The profits from this investment will then be used to take care of the internal activities at Intercol. The profits will solely be focused on providing services that will see the athletes benefitting. This includes transportation, paying umpires, operational costs and hiring persons to plan and schedule competition times for all the sports offered.

There is also a need for continuous short courses to consistently add aspiring referees into the refereeing pool to avoid a situation where Intercol are struggling to find sufficient referees for competitions.

Corporate Jamaica needs to redirect their focus and work with the collegiate system as the country and the sponsors can reap huge benefits. Intercol deserves more sponsorship as it is the only level where student athletes can legally obtain contracts and sponsorship deals.

Sponsoring these elite athletes could be fruitful as companies' brands could be used on social media pages before and after big competitions. There are also benefits when it comes to increased product sales and expansions to a new geography.

For example, there have always been theories on what makes Jamaican sprinters fast. Research done by Rachael Irving and Vilma Charlton, editors of Jamaican Gold: Jamaican Sprinters, determined that a high number of Jamaica's Olympians come from regions known for yam production. There is an idea by Charlton and Irving that the foods which make up our top athletes' diet promotes the ACTN3 gene, which is known as the sprinting gene. Jamaican companies that produce these foods, and who would align themselves with our top tertiary athletes, will be able to open locations globally where there is a market for persons chasing the secret to our sprinting success. This results in more customers and exposure for the sponsor.

On the other hand, not only would sponsors receive returns from their investments, the economy of Jamaica will also benefit, and by extension its people.

Jamaica has numerous athletes who are extremely talented, and so not all athletes will represent the country at the senior national level. Intercol, through the university clubs, can facilitate these athletes' switching allegiances to other countries which will potentially garner them success that would have been unattainable in Jamaica.

These athletes who have left their country of birth for financial reasons can now send back remittances to the rest of their families. Remittances that will be spent in Jamaica.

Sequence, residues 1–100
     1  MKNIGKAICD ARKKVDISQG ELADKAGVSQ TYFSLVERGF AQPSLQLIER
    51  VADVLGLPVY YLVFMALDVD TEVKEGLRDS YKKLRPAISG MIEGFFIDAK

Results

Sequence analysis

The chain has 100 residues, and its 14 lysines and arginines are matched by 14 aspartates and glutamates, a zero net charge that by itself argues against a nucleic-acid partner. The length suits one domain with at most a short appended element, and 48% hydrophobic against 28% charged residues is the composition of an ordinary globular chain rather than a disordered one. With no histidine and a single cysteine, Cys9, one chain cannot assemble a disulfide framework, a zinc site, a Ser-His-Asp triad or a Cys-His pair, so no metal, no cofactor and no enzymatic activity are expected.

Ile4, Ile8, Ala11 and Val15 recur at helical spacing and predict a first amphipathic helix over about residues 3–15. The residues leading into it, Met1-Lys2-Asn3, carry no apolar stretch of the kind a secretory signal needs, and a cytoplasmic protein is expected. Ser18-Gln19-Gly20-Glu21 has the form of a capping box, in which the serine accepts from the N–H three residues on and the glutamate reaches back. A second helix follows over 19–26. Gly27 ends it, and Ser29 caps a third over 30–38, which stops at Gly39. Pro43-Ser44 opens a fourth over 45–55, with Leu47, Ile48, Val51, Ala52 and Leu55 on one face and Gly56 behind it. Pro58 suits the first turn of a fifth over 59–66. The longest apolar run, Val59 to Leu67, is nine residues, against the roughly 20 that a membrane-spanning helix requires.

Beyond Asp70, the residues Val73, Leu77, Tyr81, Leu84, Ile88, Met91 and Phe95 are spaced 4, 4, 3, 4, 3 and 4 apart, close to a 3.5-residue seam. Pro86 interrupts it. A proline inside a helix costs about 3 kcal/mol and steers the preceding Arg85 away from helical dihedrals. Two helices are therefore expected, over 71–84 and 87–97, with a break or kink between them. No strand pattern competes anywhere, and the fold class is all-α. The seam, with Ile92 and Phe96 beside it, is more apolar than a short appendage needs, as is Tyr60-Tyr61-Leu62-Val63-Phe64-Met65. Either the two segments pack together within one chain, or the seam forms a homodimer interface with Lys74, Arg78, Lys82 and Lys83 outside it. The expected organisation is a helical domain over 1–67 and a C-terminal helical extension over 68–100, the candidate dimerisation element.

The International University of Sports Federation (FISU) was founded in 1949 and is the premier driver in developing university sports globally. The FISU sports programme covers over 60 sports and is the pinnacle of university sports competitions in the world.

Unfortunately, due to lack of funding to Intercol, Jamaica last participated in the summer FISU World University Games nine years ago in 2013. The FISU World University Games are held every two years and the absence of a country as talented as Jamaica for nearly a decade is a bitter pill to swallow.

Intercol, with support, will be able to send athletes from the different sports to compete and be exposed at the university level globally. Resulting in opportunities for individual development, interchanging ideas and networking between students and universities as there is a swapping of education through sports.

We would now be in a position where the reputation of our universities and their athletes grows as our popularity in the university games increases.

Sports is one of the biggest industries in the world and tertiary institutions all over the island must capitalise on this. Gaining sponsorship has never been an easy task and living in a pandemic has only amplified this fact. But this should not stop corporate Jamaica from investing in Intercol which is most viable for monetary returns.

Finally, a call is being made to those influential in corporate Jamaica to get on board to put Intercol at the forefront of sports associations for the benefit of our talented student athletes.

Editor's note: Orville Byfield is a lecturer at the University of Technology and head of the Caribbean School of Sports Sciences in the Faculty of Science and Sports. He is also an IAAF Level 5-certified track and field coach.

Orville Byfield